When New Plymouth’s Adelle McBeth should have been living the life of a carefree teenager, she was instead connected to a dialysis machine every night.
Adelle was just 12 years old when she started swelling up and was diagnosed with a kidney disorder called Focal Segmental Glomerulosclerosis (FSGS) nephrotic syndrome, an autoimmune disease.
Just 18 months later, Adelle’s kidneys failed, and she was put on peritoneal dialysis, which removes waste products from a person’s blood when their kidneys can’t adequately do the job any longer.
By the age of 15, Adelle was having her first donor kidney transplant.
“It was a typical middle of the night phone call. My mum came to wake me up and I knew what it must be. I remember saying, ‘tell them I don’t want it’ and I got upset. I was frightened, but also, I had pinned all my hopes on transplant – that it was going to fix everything. I wanted to be back to normal.
“But I knew FSGS nephrotic syndrome unfortunately can reoccur in a transplant. Within 24 hours of the transplant, my kidney stopped. It eventually kicked back in to working.”
It forced Adelle into a weekly routine of flying to Auckland on a Thursday to receive treatment.
For years, Adelle (35) has been in and out of hospital, both in Taranaki and in Auckland, where she attended university, for blood tests, treatment, new medication and during times when she has been hit with serious infections because of her condition.
“No one knows why I got it. It’s autoimmune, so could happen to anyone,” says Adelle, who is in the senior executive team as Head of Operations at Augusta Capital.
That ‘anyone’ was also All Black great Jonah Lomu, who died in 2015 at the age of 40 with a similar condition to Adelle. She met the sportsman several times because of her illness and was very upset when she learned he had died.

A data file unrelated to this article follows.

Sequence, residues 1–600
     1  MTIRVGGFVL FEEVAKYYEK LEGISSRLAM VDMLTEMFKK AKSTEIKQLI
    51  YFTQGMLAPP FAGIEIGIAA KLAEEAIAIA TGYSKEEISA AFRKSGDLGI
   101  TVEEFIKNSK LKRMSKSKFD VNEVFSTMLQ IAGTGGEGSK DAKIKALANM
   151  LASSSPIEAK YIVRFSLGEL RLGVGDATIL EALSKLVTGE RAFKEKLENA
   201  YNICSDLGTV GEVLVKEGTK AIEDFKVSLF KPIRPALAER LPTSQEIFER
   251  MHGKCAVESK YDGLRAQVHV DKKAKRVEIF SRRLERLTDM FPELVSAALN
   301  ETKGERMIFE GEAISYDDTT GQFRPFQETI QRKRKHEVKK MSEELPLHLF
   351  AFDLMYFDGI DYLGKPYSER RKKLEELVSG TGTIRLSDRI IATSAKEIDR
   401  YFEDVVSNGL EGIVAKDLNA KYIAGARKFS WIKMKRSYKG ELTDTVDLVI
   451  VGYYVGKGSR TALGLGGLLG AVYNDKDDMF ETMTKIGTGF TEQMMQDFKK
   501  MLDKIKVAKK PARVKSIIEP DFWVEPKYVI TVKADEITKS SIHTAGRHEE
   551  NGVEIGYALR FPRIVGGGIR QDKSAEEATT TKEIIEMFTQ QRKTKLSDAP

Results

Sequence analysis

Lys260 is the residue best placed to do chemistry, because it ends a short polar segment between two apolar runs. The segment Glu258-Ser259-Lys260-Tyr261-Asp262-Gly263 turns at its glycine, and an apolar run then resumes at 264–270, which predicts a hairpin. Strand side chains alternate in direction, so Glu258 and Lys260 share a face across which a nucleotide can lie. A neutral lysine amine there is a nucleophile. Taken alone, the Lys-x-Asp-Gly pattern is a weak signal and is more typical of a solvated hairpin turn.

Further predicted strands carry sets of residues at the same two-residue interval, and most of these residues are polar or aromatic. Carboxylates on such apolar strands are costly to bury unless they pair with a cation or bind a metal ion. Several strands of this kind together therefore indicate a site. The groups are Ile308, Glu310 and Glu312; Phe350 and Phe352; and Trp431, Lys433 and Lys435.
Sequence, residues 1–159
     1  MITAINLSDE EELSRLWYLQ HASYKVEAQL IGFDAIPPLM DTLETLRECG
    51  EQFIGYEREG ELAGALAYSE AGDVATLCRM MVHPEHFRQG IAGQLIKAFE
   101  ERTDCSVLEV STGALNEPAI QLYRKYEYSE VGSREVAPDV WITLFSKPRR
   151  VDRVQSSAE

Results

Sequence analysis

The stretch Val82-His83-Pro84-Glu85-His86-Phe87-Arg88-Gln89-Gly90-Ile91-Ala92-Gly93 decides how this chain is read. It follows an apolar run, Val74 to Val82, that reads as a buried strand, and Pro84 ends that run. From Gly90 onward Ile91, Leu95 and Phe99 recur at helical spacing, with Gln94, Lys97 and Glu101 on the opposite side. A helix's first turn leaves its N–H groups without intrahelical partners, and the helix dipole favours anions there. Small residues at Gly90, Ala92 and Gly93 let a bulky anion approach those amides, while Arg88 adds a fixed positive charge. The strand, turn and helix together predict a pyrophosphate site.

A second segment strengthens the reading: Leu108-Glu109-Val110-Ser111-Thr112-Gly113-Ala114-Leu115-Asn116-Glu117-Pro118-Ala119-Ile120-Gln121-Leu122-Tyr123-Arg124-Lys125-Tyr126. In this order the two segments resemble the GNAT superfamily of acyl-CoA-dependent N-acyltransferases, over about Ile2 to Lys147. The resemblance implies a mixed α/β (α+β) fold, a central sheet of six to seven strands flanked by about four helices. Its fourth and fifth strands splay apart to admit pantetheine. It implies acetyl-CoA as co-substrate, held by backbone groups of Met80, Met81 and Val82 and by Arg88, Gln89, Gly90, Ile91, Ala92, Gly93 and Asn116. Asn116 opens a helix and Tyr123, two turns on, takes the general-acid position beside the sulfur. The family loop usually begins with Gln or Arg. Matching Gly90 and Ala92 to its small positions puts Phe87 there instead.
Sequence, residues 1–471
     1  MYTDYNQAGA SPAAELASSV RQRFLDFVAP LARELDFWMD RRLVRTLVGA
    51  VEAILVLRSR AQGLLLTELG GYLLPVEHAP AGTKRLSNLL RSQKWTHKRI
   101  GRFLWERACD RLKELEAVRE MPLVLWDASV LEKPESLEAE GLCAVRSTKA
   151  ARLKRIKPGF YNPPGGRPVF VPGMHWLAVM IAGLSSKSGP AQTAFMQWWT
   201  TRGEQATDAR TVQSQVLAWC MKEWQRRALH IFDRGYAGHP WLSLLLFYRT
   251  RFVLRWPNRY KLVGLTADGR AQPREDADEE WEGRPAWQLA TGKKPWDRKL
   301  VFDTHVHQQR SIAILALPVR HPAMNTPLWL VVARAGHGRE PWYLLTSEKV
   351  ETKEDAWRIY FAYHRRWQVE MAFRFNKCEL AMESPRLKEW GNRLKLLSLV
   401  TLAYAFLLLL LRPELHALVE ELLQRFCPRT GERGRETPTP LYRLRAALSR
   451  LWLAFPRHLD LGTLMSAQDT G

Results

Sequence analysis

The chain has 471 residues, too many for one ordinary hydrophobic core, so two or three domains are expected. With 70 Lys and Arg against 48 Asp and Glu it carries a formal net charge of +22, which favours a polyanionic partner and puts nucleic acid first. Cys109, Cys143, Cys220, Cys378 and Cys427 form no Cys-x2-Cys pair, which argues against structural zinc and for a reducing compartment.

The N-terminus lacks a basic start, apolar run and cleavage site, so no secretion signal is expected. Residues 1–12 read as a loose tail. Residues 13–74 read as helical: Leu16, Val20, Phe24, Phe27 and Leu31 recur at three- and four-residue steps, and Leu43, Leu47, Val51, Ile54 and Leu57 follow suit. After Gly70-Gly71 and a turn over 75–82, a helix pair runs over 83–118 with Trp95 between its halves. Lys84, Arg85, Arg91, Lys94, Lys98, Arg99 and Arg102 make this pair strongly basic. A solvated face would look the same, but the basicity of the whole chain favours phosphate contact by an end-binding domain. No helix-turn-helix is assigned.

“His car stood out, so whenever I was at Auckland hospital, if you saw his car you knew he was in the hospital or dialysing at the acute unit. The news he’d died was very difficult for me.”
Adelle’s first donor kidney lasted for 12 years. FSGS can reoccur in donor kidneys.
One of five children, Adelle’s younger brother was a match as a live kidney donor, and Adelle received her second kidney transplant in 2017.
Although still receiving regular blood tests at the renal unit at Taranaki Base Hospital, Adelle is well, in remission and championing the Taranaki Health Foundation’s Love Our Kidneys’ campaign. The campaign is to raise $500,000 for enhancements to the new purpose-built, standalone renal unit at Taranaki Base Hospital. The money raised will be used for technology and equipment to enhance the patient comfort, overall experience and quality of care.
“Kidney conditions are for life. People’s donations will make a huge difference for people with kidney conditions, to make the new renal unit a comfortable and relaxing environment – make their day feel more normal.”